you drill into a new field, it has natural pressure or drive.....as that field is depleted when it reaches close to the halfway point of what can be extracted the field loses its pressure and the oil itself also naturally becomes far more dispersed amongst the strata or sand its trapped in. At this point it requires help to come out and even with help it starts coming out slower no matter what you do. The water cut rises and production falls off, it is irreversible and permanent.

    quite a bit of the oil is never extractable

    this is literally fundamental physics, math, and geology

    this has played out already in many countries and most have been burned by it, by their own refusal to acknowledge the data in front of them.......the US, UK, Mexico, Russia are amongst those

  9. carl said... 8

    "once the world endowment of oil reaches the halfway point of what can be extracted world production will decrease no matter what is done"

    There is no record of any mineral ever running out.

    We have changed behavior on some. When is the last time a dentist used gold fillings? Gold got too expensive and we figured something else out.

    There are a whole host of 'economically feasible' alternatives to oil if oil is priced at $200/barrel.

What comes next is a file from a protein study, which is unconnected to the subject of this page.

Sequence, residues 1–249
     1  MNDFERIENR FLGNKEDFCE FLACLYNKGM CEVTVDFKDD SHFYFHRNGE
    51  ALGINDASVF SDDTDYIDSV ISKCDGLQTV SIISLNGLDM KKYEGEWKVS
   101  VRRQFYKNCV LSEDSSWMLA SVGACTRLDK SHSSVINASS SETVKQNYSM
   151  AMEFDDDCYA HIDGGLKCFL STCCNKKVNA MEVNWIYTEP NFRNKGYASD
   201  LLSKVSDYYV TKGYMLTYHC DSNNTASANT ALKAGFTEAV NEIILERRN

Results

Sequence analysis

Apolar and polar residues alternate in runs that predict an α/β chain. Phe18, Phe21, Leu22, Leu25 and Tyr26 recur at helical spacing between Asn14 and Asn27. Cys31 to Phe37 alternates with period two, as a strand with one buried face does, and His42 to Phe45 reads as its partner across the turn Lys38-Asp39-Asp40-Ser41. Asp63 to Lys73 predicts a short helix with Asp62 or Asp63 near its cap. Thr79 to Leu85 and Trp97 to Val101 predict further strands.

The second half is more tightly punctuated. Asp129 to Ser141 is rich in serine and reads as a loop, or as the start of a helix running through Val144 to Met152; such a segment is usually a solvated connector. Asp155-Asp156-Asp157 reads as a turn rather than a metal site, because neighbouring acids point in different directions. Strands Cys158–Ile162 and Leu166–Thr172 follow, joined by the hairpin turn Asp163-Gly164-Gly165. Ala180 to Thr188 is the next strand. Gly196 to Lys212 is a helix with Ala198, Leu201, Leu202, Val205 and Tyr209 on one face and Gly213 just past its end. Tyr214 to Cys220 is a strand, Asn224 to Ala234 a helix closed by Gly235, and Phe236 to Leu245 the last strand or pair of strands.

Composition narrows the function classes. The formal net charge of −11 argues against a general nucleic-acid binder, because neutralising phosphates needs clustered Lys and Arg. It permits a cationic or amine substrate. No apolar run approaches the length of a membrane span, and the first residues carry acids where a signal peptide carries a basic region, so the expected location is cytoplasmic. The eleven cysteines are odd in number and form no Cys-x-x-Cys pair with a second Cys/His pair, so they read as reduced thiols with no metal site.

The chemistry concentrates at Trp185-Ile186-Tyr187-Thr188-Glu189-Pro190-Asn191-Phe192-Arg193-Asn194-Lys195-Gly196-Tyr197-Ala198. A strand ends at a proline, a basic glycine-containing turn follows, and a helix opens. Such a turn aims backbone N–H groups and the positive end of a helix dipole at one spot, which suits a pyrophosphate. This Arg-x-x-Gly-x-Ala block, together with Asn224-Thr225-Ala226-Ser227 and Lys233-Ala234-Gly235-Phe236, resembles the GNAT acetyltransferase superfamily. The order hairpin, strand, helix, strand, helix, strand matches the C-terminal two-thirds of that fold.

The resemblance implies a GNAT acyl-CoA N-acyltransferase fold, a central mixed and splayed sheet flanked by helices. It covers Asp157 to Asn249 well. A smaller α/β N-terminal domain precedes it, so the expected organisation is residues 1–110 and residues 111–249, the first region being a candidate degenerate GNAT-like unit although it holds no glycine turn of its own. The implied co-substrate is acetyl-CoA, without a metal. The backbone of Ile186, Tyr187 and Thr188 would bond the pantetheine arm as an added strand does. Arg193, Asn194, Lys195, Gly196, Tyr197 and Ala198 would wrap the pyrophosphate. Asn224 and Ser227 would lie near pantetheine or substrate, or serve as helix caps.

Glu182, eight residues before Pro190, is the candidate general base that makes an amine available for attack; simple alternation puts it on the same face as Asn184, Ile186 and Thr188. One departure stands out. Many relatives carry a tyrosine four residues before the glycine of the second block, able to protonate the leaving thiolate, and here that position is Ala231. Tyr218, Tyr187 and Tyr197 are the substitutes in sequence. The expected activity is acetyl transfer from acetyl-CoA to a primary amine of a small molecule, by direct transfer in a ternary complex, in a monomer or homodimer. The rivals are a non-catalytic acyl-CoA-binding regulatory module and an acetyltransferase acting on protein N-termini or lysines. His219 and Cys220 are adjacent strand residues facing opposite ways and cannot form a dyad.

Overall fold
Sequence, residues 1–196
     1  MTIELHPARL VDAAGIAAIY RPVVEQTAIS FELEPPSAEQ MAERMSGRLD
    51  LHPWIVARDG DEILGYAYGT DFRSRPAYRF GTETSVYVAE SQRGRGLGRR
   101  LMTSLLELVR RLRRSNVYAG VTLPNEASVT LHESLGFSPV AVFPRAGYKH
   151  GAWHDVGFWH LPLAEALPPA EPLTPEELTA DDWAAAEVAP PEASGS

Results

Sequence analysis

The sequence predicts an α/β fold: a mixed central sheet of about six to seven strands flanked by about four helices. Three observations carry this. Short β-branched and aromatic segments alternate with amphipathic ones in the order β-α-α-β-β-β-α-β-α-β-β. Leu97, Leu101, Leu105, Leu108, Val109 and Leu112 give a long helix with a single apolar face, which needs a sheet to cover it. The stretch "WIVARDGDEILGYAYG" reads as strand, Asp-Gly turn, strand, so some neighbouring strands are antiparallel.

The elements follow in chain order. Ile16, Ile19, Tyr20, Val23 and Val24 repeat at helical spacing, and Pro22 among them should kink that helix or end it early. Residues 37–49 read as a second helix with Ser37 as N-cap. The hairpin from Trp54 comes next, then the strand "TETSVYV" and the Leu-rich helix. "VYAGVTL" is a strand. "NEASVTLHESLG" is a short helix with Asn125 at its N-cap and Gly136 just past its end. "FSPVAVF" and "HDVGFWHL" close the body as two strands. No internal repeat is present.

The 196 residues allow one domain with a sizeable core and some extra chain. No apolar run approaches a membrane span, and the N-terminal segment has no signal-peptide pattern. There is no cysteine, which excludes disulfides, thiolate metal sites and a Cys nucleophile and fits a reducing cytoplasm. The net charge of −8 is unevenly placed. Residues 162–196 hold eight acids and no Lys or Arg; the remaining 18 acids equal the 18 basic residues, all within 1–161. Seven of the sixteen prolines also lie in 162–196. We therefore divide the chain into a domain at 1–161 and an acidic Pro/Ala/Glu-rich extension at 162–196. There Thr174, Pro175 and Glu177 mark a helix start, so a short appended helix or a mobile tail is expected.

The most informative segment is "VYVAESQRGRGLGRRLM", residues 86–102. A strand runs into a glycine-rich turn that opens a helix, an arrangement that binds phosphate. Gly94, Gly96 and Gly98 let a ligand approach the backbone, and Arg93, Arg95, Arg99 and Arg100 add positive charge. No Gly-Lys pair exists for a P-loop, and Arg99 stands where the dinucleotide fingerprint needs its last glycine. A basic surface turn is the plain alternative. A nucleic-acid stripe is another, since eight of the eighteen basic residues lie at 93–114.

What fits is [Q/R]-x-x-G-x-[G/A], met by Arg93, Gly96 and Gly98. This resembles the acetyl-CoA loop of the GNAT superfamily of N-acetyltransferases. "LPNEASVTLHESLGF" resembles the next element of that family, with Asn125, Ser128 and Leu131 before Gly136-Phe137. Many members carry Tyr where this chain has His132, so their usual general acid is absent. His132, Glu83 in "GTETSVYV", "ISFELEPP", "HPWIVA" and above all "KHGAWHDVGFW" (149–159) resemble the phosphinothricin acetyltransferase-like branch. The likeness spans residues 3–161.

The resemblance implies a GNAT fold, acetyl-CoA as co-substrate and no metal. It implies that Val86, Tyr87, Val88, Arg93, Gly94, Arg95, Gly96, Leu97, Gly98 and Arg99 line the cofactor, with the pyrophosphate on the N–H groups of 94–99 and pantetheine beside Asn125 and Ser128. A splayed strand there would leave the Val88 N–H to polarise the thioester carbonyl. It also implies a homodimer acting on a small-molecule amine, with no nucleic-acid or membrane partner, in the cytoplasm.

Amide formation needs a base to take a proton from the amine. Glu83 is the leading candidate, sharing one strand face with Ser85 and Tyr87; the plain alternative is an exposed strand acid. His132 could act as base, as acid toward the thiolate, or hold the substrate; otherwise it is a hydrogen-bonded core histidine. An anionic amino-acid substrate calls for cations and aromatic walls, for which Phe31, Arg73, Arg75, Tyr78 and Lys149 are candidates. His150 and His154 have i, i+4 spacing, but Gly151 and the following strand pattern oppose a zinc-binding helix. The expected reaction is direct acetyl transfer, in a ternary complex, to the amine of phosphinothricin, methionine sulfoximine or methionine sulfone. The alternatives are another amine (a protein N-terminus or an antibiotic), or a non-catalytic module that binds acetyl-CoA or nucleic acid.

In the US we stopped using oil for electricity production(except waste oil). Even the UAE is going to stop using oil for electricity production.

    We already have 'ready for production' vehicles that run on everything from Hydrogen to Coal Oil.

    Mazda already makes a 'dual fuel' Gasoline/Hydrogen car. Kenworth makes trucks that run on LNG.

    When the price of oil exceeds the price of the alternatives, we will use the alternatives. There will still be plenty of oil in the ground, just as there is plenty of gold left in the ground.

  10. @ Dean: Ummm.... I think I've got a pretty good understanding of the issues.

    For grins, let's look at your assumption... that the limit really is in production.

    So, why do Peak Oilers believe this is a problem???

    If production really is the rate limiting factor, then that doesn't seem like a major long term problem.

    Why? Well, throughout history, whenever humans have faced a limit in production of a resource, one of two things have happened.

    1. Humans figured out ways to INCREASE production. That initial period of scarcity lead to innovation. The result has been (usually dramatically) increased availability of the resource.

    2. That period of initial scarcity lead to alternative means of achieving the same goal, but by using different resources. Copper in telephone wire is a typical example... when copper got more expensive, and when it became clear that copper could only carry so much information, people changed from copper cable to fiber. Lower cost for telephone wire production, greater bandwidth AND it occurred in a smaller physical package... win, win, win.

    Please note that at no time in history have those solutions required massive taxation or massive government spending. Those solutions occurred because of market forces and because innovators were able to and had incentive to innovate.